(Reuters) - South Korean Park Sung-hyun took full advantage of the ultimate mulligan by grabbing the first-round lead of the Evian Championship in France on Friday after bad weather wiped out her poor start a day earlier.
The U.S. Women’s Open champion mixed seven birdies with an eagle and bogey for an eight-under-par 63 to take a two-shot lead over Thailand’s Moriya Jutanugarn in Evian-les-Bains.
Park made a nightmarish start to the women’s final major of the year on Thursday when she was six over through five holes in wind and rain but the LPGA wiped away first-round scores after a weather suspension and shortened the championship to 54 holes.
“When I usually don’t play well, I just try to do better and focus on the game, and that’s what I’m hoping for every round, and that’s what I’m going to keep on doing and focus on the game,” said Park.
The 23-year-old Korean, who began her quest for her third win of the season on the back nine at the Evian Resort Golf Club, went out in 30 with four birdies and a chip in for eagle at the par-five 13th hole.
“The distance was 25 meters, so I was deciding whether I’m going to do chipping or putting, and I think after I made the shot, I was surprised, as well,” Park said about her eagle.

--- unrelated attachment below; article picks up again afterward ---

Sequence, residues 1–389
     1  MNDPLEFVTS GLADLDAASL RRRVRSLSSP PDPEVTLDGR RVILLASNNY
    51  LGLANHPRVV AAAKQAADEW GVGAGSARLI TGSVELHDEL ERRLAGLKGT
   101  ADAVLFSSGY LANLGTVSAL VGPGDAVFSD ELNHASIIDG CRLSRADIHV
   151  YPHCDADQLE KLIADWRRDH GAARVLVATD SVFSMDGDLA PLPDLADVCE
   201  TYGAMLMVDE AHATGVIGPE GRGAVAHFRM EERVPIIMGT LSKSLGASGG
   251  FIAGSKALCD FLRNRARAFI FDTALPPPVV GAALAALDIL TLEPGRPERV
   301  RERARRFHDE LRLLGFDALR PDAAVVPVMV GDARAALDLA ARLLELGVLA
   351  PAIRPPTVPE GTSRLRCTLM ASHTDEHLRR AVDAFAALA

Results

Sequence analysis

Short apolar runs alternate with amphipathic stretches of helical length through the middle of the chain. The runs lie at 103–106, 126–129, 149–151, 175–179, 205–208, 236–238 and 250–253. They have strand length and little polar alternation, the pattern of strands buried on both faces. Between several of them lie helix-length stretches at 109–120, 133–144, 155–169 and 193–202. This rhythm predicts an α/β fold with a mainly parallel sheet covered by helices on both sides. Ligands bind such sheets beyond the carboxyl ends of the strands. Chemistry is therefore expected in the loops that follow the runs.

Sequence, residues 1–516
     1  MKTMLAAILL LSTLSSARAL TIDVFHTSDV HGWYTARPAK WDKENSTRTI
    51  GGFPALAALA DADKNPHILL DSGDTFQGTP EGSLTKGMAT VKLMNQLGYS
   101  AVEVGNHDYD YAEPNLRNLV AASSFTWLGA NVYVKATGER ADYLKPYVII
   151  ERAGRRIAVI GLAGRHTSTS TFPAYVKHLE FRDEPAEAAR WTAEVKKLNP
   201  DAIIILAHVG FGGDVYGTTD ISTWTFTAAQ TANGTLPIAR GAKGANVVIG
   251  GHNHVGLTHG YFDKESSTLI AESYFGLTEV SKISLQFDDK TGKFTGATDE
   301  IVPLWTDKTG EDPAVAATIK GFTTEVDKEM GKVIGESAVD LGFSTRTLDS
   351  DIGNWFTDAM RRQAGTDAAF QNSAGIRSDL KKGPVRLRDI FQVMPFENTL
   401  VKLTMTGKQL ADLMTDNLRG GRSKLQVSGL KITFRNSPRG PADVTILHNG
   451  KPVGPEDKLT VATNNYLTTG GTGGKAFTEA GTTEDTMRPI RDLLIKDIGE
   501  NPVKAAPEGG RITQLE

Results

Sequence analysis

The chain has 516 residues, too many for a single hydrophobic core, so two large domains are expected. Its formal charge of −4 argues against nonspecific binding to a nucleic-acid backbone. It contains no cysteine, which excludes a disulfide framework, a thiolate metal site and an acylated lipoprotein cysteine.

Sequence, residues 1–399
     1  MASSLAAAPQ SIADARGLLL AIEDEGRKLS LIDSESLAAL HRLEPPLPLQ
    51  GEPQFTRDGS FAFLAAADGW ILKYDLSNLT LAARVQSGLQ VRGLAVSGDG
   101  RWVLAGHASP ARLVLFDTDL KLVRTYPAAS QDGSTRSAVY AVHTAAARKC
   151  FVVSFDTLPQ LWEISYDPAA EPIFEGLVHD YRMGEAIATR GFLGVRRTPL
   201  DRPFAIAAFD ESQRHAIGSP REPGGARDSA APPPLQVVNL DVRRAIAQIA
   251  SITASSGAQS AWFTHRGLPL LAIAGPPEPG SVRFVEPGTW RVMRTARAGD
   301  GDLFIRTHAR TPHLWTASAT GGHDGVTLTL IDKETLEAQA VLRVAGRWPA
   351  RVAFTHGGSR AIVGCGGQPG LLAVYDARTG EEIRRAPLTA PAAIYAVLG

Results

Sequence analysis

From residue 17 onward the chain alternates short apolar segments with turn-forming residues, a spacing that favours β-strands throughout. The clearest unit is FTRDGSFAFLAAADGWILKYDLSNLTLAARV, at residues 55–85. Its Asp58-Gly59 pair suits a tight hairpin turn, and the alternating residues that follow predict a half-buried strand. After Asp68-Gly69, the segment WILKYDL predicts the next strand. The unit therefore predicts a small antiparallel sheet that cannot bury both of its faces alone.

Swede Anna Nordqvist and Australia’s Katherine Kirk were three shots back of Park while Women’s British Open champion Kim In-kyung, Jessica Korda and Marina Alex were a further shot back.
Korda, who was two under through eight holes in difficult conditions on Thursday, was pleased to return to a course that was much more playable.
“You can’t even compare. Yesterday the last couple holes we felt like we were playing in a hurricane,” said Korda.
“This golf course is not something that you want to come in with a low ball flight. You need to be able to hit it high to stop them in the right areas and so obviously today that was possible and yesterday was a bit tough.”
Defending champion Chun In-gee was seven shots back after mixing four birdies with three bogeys for a one-under-par 70.
Reporting by Frank Pingue in Toronto; editing by Gene Cherry